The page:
Although North China has been reduced a bit, it is still the largest section. The GAP is now 2.0328.

At this point, the biggest difference between Eligible Neighbors is between North China and Eurasia 30 (which includes the rest of Europe, most of the former Soviet Union, and Japan). The Chinese Province of Inner Mongolia is a real keystone to the North China section. That is, you can’t move a small enough piece of it without fragmenting it unless you do Provincial Biunication on Inner Mongolia and split that province into smaller chunks.

Which we do. The result is, we move Mongolia, four Eastern Divisions of Inner Mongolia (Bayan Nur, Alxa, Ordos, and Wuhai), and the Chinese province of Ningxia Hui (population 13,699,719) to Eurasia 30, now called Eurasia 31 (population 599,001,050). North China now consists of the rest of Inner Mongolia, Heilongjiang, Jilin, Liaoning, Hebei (with two cities), Shandong, Jiangsu (with Shanghai), Anhui, Henan, Shanxi, and Shaanxi, and also Korea (North and South). Now it’s called North China 13 2/3 and Korea (population 743,051,283). The GAP is now 2.0007.

That’s the story so far.

Testing the Objective Redistricting Procedure

I am going to make public the testing of the objective redistricting procedure as I go. Having gone through phase I (Make a list), Phase II (Biunication), and Phase III, (Bisegmentation), we proceed to Phase IV. Equalization Here is the starting point.

After Bisegmentation, the next step is the Border Analysis Table. While it is too detailed to reproduce here, it reveals that after the initial Bisegmentation, the eligible border with the greatest difference in population is between Western India and Southwest Asia, with a difference of 354,540,343 souls, Western India’s advantage.

Now, in this process, you may read about shifting pieces of territory like chess pieces. Please understand that this is purely hypothetical, and obviously I don’t seriously entertain the idea of, say, breaking off a chunk of India and giving it to Pakistan. But I am using the whole world as the test case because the World is sufficiently complicated, geographically, to be an ideal test case. Can the World be divided into twelve equal parts, using an objective procedure that anybody could do and get the same answer? Let’s find out.

Objective Redistricting: A Procedure

I have posted my Procedure for Objective Redistricting. I’m still testing it, getting bugs out, working through problems, and still have to write up a section about revising after a plan is already in place, but this should be enough to get anyone started.

Let me check it against my criteria previously posted:
1. No criteria other than base population considered. Check.
2. Makes geographic sense. This is what the testing is for, but so far, Check.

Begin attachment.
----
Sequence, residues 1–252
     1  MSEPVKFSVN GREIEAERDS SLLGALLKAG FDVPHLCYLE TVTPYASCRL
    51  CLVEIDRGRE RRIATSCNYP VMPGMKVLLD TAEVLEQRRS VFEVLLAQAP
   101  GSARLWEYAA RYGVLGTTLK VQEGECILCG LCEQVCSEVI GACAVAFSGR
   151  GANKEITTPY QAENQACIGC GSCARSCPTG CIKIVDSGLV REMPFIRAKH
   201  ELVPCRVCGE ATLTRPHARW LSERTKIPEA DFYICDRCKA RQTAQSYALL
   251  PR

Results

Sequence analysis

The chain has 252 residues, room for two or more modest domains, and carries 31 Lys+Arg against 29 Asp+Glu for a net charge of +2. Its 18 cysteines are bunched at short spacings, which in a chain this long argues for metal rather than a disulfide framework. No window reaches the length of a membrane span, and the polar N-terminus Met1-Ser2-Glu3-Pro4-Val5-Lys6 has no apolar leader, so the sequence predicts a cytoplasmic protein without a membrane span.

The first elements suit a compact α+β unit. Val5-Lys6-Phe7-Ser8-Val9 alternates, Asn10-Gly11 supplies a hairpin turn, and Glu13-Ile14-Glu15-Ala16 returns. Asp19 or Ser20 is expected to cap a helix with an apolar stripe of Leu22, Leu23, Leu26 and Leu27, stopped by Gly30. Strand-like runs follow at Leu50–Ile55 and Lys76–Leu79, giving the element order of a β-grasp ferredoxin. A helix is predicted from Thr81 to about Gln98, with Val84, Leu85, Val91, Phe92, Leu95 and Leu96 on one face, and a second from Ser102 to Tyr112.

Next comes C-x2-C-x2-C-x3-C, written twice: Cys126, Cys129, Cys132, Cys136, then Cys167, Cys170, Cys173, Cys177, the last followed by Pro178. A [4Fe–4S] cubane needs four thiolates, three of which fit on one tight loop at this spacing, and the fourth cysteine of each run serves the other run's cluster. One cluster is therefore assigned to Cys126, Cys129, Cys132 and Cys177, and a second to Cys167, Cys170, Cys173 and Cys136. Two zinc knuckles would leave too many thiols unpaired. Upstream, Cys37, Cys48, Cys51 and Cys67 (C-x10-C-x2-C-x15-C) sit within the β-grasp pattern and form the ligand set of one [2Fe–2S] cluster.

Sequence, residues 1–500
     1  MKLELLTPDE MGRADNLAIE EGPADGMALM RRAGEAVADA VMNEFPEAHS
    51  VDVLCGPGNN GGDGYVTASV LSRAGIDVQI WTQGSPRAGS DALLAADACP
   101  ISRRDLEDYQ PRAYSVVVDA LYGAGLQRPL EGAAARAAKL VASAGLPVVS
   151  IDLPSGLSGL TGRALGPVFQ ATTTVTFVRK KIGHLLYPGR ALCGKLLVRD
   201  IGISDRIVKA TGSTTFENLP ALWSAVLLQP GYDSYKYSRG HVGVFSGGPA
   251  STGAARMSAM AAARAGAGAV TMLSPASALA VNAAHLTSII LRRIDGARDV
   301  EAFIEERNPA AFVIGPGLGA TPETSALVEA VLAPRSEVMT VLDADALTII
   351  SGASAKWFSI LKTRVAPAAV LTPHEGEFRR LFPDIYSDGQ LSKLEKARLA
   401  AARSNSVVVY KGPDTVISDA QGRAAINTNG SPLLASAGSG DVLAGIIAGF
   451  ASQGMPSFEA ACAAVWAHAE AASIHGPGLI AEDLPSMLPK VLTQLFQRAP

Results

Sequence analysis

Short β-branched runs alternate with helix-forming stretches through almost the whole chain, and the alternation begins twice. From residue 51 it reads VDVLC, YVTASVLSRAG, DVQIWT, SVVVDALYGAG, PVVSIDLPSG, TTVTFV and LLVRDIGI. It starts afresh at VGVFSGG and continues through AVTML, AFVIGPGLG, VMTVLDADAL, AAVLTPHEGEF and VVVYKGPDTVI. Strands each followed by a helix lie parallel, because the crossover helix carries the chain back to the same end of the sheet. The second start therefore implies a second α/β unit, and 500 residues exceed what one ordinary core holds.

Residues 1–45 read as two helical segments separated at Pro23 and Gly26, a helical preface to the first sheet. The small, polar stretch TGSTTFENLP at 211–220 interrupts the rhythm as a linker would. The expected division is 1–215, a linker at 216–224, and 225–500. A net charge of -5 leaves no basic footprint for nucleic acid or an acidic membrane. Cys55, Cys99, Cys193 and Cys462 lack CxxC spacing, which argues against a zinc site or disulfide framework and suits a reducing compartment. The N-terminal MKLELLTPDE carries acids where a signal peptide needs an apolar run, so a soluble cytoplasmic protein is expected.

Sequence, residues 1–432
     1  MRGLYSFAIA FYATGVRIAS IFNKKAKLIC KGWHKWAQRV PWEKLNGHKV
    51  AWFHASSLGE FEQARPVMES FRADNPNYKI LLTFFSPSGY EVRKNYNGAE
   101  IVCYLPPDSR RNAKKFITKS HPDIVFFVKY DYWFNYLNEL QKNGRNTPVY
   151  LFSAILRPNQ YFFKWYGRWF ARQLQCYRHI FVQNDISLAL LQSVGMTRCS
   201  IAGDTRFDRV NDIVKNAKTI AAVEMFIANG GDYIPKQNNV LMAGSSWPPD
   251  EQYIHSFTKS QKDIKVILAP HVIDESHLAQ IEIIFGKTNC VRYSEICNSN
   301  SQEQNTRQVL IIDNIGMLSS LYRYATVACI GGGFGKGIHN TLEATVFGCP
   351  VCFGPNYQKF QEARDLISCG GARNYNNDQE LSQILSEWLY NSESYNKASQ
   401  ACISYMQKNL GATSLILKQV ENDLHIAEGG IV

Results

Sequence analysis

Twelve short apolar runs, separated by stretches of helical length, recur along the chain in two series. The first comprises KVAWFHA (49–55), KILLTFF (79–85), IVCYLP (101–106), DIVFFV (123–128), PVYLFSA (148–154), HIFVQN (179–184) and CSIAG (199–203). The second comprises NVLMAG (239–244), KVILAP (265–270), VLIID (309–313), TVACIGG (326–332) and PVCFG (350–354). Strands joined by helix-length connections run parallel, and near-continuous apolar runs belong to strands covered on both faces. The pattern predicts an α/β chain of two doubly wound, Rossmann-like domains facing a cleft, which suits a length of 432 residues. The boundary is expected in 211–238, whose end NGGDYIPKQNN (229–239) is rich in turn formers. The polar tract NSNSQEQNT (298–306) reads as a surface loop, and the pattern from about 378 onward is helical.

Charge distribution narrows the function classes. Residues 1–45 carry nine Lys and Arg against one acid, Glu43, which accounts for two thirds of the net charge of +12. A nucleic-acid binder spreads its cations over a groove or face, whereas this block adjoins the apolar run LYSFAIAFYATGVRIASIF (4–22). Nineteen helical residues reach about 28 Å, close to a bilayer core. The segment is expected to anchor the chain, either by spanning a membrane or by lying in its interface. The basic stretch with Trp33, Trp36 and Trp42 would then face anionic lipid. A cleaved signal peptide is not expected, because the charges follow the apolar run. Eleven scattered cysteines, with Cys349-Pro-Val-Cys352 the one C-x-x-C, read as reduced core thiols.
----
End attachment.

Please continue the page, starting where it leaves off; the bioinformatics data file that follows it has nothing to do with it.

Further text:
3. Administrative units kept in place whenever possible. Administrative units already in place are the backbone of the plan. Check.
4. Reproduceable given the same set of data? Check.
5. As simple as possible but as complicated as necessary? Well, if it can be simplified, I’d be in favor of it. Time will tell.
6. Procedure for modifying based on new data? I have one in my head, but I haven’t written it down yet. No point, I figure, until I’ve tested and gotten feedback on the original plan.
7. Creates a new line only at the lowest level? So far, the lowest level I’ve tested at is the Census Tract level, which, can range in size from a few city blocks to a few square miles. Below that you have the block level, and then then house level, but I think it will be difficult to get data that refined.

The World, Halved and Re-Halved

“What are we going to do tonight, Brain?”

“The same thing we do every night, Pinky: Try to take over the world!”

But what would you do with the world once you’ve conquered it? My answer — start dividing it up again. The second step in the Objective Redistricting process (after step one – make a list of the constituent parts) is to merge everything together into one. The third step is to split the whole into smaller parts, with each split being such that the smaller part is not less than half the poplution of the larger part, until you have the number of segments that you want. Then you go to the fourth step, which is equalization, where, using a controlled process, you take pieces from larger sections and attach them to smaller sections.

Here is the tree of the merging process, which I call “Biunication”. Soon I will be uploading the objective criteria for how one constituency gets attached to another constituency, but for now, here is the tree.

Objective Redistricting: Statement of the Problem

Besides list, the other thing that I have been obsessed with for most of my life is Maps.  One day, in the Summer of 2005, I had an idea.  As time went on, I refined the idea, which I will be explaining on this blog as I work out the bugs (it’s not finished yet).

Anyway, let’s begin with a statement of the problem.

(from a document I wrote in  February, 2007)